Our dogs are being watched in Liechtenstein and Russia. In Macedonia, they're tuning in to our girls. And our Westies are now out east on TV screens in Slovenia and Croatia.

Scores of Kiwi-made TV shows are being watched overseas, enquiries by the Herald on Sunday have revealed.

And it's a big bucks business - TV exports pumped $37 million into the country in 2010/11, according to Statistics New Zealand.

Among those taking the Kiwi accent and way of life to the world include Go Girls - on screen in Macedonia, Bosnia and Ukraine and Outrageous Fortune, in Croatia, Slovenia and Italy.


TVNZ licensing general manager Leigh Wilson said demand for Kiwi shows was on the rise.

Canine agility show Wonder Dogs has been snapped up by broadcasters in Russia and Liechtenstein, said Wilson.

Demand in eastern Europe had become insatiable.

"The whole market has opened up, there's more channels, they've got more money to spend. They're absolutely hungry for it."

South Pacific Pictures chief executive John Barnett said many Kiwi shows were bought for daytime and off-peak viewing in Europe, where they provided a point of difference to the "cops and docs" heavy offerings from the United States and Australia.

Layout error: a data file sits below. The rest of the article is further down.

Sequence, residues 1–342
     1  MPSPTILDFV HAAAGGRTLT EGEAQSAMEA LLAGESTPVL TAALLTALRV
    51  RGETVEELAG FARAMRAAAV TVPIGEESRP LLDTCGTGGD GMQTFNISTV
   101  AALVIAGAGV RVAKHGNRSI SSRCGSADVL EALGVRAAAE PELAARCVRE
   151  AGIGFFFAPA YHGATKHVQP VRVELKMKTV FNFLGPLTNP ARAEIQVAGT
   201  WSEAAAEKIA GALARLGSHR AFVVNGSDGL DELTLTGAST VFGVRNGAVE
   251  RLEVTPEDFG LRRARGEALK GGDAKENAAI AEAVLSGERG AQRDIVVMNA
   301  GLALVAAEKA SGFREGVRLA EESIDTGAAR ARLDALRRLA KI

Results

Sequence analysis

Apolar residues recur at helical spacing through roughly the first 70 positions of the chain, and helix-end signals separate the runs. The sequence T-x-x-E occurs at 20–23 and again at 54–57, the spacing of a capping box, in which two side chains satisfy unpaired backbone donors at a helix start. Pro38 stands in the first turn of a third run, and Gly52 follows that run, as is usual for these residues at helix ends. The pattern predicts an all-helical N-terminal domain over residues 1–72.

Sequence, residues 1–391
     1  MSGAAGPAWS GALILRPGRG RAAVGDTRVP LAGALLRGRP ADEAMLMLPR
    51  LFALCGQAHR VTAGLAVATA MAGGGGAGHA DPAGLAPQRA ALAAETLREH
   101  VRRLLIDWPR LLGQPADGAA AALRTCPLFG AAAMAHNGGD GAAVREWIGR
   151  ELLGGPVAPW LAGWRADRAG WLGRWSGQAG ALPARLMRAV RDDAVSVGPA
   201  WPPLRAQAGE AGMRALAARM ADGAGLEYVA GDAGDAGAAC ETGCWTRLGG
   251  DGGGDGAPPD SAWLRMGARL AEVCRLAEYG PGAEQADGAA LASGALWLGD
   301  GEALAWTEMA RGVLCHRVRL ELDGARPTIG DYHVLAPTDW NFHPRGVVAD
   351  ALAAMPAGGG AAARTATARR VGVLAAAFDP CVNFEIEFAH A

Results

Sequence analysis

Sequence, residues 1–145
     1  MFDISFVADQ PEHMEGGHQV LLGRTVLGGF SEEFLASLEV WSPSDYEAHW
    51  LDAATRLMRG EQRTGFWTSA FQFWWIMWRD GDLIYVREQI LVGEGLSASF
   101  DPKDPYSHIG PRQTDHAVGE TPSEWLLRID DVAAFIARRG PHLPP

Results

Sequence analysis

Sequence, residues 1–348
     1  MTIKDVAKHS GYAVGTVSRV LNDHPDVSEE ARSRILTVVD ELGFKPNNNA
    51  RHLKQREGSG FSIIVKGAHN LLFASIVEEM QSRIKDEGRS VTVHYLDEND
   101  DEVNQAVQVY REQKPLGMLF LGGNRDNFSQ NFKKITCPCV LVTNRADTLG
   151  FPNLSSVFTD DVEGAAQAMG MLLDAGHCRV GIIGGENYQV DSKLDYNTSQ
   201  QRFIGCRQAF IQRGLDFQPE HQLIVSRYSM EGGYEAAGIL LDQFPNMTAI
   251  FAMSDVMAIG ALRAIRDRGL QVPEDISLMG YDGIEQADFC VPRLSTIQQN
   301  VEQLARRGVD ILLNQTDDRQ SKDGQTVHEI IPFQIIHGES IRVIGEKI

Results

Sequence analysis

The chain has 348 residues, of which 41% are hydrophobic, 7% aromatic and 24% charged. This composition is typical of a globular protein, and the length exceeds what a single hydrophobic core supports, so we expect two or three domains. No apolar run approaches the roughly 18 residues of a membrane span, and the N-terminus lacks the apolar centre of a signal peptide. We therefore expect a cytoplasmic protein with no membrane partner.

"You don't find the likes of an Outrageous Fortune or Go Girls on offer anywhere else in the world."

He agreed that sales were on the up.

"Ten years ago buyers would say, 'I don't want a programme from New Zealand' ... now it's considered to be on par with Australian and Canadian product, " said Barnett.

The increase in channels, particularly niche, equalled more opportunities for Kiwi shows.

"The Almighty Johnsons playing on a genre channel like SyFy in the UK and Sci Fi in Australia is an example of this."

Eyeworks chief executive Julie Christie said "character driven shows" such as Matthew and Mark's Rocky Road were hot.

"Networks are making a shift to male programming or broader humour genres."

Anything house or food related also sold well as most countries had their own lifestyle pay channels, and both themes were universal so language was not a barrier.

Australian interest in Kiwi content had soared in the past five years, said Christie.

"Almost everything we make now sells into Australia."

Greenstone TV general manager Bryan Hall said the The Zoo alone had been sold to 90 countries. "I had an email once from someone watching The Zoo in Patagonia."

Where shows were going was not the real story, it was the impact those sales had on boosting New Zealand's TV production industry, said Hall

"That income stream allows independent producers to stay afloat.

"The result was a better product, and more of it. As a little country we punch really hard for our weight, because we are good at what we do."